[time-nuts] PCI-E Serial Card For Windows NTP?
johnlaur at gmail.com
Fri Jun 26 14:29:59 UTC 2015
> However, it has been noted that the Raspberry Pi has some limitations for this purpose, not the least of which is having a USB connected ethernet port.
Windows 7 in particular offers it's own set of trouble. Based on my
experiences with both platforms, it will be harder to extract
consistent and predictable NTP performance from Win7 than Raspberry
Pi. Many others have suggested that you experiment with BeagleBone
Black; is there a particular reason that you prefer to take the long
route? The out-of-box performance is already very good, and there is
plenty of remaining challenge and accuracy available from engaging the
hardware timers, using a RTOS, and even replacing the main oscillator.
I believe the ethernet controller is even capable of PTP should you
wish to go beyond NTP (never tried it myself).
On Thu, Jun 25, 2015 at 8:55 PM, Brian M <brayniac at gmail.com> wrote:
> Trying not to go offtopic. If there are specific lists for this type of
> nuttery, contact me off list - would love to learn and discuss more.
> That said - if you're going to test the impact on latency for interrupt
> coalescing, I'd suggest using sockperf ping pong test:
> Should reveal a bit more than a simple icmp ping test can. Use the --pps
> flag to test a variety of packet rates. Should help show the effect of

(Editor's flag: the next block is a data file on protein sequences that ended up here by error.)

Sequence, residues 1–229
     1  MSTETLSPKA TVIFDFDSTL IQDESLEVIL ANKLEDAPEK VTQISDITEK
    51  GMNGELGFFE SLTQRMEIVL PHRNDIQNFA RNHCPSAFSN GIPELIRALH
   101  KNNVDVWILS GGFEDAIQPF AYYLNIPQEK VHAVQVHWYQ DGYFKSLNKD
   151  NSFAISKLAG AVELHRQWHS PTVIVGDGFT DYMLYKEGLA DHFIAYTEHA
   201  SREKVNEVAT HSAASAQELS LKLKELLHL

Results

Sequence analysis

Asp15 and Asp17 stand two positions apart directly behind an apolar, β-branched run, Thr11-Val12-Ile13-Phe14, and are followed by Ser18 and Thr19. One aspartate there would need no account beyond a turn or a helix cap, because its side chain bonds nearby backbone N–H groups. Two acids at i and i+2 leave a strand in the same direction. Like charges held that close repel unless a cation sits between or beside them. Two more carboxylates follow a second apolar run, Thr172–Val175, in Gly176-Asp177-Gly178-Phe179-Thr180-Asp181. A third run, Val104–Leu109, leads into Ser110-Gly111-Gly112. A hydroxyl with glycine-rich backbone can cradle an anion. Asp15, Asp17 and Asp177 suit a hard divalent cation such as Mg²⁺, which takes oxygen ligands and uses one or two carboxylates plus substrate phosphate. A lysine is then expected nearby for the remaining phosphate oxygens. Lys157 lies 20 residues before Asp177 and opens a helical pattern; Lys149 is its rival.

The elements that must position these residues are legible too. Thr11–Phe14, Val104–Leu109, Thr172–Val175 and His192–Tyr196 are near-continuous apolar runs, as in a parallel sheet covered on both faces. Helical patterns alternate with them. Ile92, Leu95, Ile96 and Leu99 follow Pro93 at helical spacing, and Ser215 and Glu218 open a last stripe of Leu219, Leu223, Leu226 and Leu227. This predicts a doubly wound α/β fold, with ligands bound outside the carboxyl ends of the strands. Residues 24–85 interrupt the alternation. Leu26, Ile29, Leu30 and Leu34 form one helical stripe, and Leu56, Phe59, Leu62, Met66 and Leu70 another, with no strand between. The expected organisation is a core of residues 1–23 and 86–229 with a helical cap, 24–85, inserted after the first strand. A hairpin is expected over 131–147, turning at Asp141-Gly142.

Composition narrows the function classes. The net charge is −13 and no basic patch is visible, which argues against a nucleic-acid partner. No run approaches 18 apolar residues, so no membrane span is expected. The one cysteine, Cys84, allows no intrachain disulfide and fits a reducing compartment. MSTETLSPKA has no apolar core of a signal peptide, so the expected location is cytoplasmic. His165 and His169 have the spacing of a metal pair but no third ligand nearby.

> - Brian
> On Thu, Jun 25, 2015 at 13:40 Hal Murray <hmurray at megapathdsl.net> wrote:
>> I know next-to-nothing about Windows.
>> Serial ports are pretty standard. I'd get the cheapest card. I'd probably
>> pay a bit more for a second port. It might be handy tomorrow.
>> One difference between chips is the depth of the FIFO.
>> PCI card now come in two heights. Make sure you get the right one. The
>> short ones don't have room for a second connector. (Some cards come with
>> face plates. You can swap in/out the other one if you can use a
>> The other thing to keep an eye on is interrupts from the Gigabit ethernet.
>> With a lot of short packets, you can get in trouble spending all your CPU
>> time in the interrupt handler. Some hardware is setup to batch interrupts.
>> The idea is to delay an interrupt for a while in hopes that more packets
>> arrive and get processed as a batch. You may want to turn that off. It's
>> tradeoff between latency and CPU usage. You may be able to measure it with
>> something like ping.
>> These are my opinions. I hate spam.
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